[VHFcontesting] "Ideal" Contest Rig Continued..

w2fca at cs.com w2fca at cs.com
Mon Feb 3 11:57:11 EST 2003

"Kenneth E. Harker" <kharker at cs.utexas.edu> wrote:
>Perhaps the VHF SSB contester's equivalent is software that scans 
>the bands, applies various algorithms that identify characteristics 
>of SSB signals, and tells the contester, if not actual callsigns, 
>that there are signals on 50.153, 50.165, 50.171, etc.  Perhaps the 
>day will even come when software decodes SSB and Amateur phonetics 
>into text callsigns.
O don't see where that would be all that useful. On HF, you get a lot of stations who sit on one freq for most of the contest. Plus, the propagation is such that if you have, say, S50A on 14260, you're going to hear him the whole contest. In fact, you may even hear him no matter where you aim! But on VHF, a lot of the showing up on a freq is very quick and then gone. Say you're scanning six meters. I've just worked somebody on 2, and we arrange to meet on 50.185, 222.070, and 432,070. At times I've been able to run 4 bands in less than a minute. So, what you would see is a blip on 50.185 for ten seconds, and then gone.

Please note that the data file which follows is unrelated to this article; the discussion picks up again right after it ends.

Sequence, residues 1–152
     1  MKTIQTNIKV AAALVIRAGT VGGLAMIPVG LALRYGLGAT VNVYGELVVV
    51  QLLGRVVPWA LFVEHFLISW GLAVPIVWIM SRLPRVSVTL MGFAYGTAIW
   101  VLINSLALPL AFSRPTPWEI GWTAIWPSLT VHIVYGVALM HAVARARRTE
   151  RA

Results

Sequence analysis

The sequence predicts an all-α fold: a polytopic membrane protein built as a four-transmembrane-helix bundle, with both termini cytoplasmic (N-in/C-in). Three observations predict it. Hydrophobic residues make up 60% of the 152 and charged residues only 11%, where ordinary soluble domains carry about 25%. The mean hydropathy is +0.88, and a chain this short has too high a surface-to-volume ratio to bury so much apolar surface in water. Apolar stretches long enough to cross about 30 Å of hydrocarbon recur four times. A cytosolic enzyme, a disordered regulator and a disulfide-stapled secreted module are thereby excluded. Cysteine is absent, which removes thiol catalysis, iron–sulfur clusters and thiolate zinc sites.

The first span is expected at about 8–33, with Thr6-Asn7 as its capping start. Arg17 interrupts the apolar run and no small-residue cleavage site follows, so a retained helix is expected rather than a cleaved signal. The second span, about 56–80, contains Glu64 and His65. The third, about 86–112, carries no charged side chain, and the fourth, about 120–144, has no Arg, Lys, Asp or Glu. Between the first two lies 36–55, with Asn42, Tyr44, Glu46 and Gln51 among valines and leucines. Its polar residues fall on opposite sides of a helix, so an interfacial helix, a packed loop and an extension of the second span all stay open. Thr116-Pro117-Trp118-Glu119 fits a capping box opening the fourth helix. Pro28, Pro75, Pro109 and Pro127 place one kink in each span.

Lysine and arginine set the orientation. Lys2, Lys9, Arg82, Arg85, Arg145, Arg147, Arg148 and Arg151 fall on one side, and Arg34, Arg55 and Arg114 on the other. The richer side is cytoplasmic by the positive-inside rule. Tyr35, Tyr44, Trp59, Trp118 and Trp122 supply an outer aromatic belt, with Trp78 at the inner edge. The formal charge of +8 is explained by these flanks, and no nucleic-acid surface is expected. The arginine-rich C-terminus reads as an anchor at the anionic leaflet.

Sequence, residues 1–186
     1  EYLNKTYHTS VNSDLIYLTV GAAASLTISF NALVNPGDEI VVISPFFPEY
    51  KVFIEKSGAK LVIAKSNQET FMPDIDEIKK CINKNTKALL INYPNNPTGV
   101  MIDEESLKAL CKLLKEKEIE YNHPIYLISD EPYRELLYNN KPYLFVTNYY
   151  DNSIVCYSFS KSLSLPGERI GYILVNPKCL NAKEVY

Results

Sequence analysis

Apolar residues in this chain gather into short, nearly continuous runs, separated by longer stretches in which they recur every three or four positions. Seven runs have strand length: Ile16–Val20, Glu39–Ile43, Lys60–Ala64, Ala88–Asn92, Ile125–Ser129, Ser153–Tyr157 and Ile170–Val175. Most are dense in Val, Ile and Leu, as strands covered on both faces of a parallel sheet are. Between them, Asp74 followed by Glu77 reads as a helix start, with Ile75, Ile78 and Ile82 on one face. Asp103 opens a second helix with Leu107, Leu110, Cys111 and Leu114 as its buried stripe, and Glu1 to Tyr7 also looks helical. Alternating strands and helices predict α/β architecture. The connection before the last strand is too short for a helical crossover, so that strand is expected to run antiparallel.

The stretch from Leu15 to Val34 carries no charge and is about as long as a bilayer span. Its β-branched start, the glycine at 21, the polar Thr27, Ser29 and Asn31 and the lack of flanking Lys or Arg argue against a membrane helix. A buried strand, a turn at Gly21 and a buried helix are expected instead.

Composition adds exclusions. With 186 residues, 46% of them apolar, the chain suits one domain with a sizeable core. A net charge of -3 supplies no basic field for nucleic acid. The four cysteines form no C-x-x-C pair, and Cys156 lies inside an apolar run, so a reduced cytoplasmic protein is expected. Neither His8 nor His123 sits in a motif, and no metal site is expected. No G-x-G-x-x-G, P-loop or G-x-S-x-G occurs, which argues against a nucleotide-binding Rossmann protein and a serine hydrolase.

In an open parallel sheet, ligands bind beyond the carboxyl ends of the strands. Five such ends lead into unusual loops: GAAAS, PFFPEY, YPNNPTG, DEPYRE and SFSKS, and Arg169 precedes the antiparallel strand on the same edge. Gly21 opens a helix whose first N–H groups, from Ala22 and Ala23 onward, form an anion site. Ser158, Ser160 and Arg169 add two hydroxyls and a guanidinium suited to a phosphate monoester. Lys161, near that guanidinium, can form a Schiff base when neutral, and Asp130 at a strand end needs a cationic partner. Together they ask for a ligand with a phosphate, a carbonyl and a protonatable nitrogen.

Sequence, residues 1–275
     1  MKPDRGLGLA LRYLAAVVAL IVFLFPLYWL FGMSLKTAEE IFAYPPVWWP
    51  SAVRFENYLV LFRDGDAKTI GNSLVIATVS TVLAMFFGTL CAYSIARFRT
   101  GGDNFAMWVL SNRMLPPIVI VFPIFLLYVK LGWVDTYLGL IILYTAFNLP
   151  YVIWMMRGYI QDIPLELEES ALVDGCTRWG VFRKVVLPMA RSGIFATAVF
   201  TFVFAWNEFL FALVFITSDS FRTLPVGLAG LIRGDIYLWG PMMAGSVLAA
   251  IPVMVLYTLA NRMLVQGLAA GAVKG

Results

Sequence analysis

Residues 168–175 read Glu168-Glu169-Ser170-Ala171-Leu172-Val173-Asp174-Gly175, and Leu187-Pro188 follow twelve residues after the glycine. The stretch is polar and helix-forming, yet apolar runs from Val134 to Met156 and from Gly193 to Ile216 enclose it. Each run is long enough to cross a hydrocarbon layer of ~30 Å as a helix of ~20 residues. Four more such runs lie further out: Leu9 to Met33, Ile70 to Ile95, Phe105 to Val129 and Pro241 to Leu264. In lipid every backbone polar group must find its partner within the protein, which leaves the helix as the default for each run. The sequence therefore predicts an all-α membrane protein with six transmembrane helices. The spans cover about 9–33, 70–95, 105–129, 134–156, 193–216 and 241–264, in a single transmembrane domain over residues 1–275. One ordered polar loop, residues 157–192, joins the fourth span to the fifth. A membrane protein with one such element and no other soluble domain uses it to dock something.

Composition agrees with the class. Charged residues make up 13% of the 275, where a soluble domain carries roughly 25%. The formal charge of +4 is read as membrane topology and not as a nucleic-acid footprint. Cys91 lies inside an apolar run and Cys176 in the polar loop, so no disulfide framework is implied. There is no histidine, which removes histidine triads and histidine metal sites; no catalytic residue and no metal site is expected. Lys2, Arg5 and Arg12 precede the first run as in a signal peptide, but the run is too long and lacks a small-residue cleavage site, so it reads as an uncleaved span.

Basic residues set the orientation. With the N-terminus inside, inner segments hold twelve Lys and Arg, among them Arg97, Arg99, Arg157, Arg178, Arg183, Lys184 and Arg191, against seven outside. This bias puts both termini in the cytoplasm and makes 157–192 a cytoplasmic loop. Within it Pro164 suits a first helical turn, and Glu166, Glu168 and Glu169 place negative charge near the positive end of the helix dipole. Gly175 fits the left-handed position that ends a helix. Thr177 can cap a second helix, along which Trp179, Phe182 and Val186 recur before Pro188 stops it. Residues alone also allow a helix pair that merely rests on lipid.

This is also one of the reasons I don't think packet would ever be that much of an issue on VHF. On HF if I see a spot for TM5C on 21290 and go there, odds are I'll hear them. But, knowing that K1TEO is on 144.180 does me no good if he isn't aimed at me.
Finally, for a single op, getting too much info may also get in the way. You're on 50.145 working me, and you see that there are signals on 50.153, 50.165, and 50.171. But, I say that I would like to work up to 2304 now. How do you decide what to do at that point? 
Before I worry about about looking like the Borg in a SO5R setup, I'd rather add another band.


More information about the VHFcontesting mailing list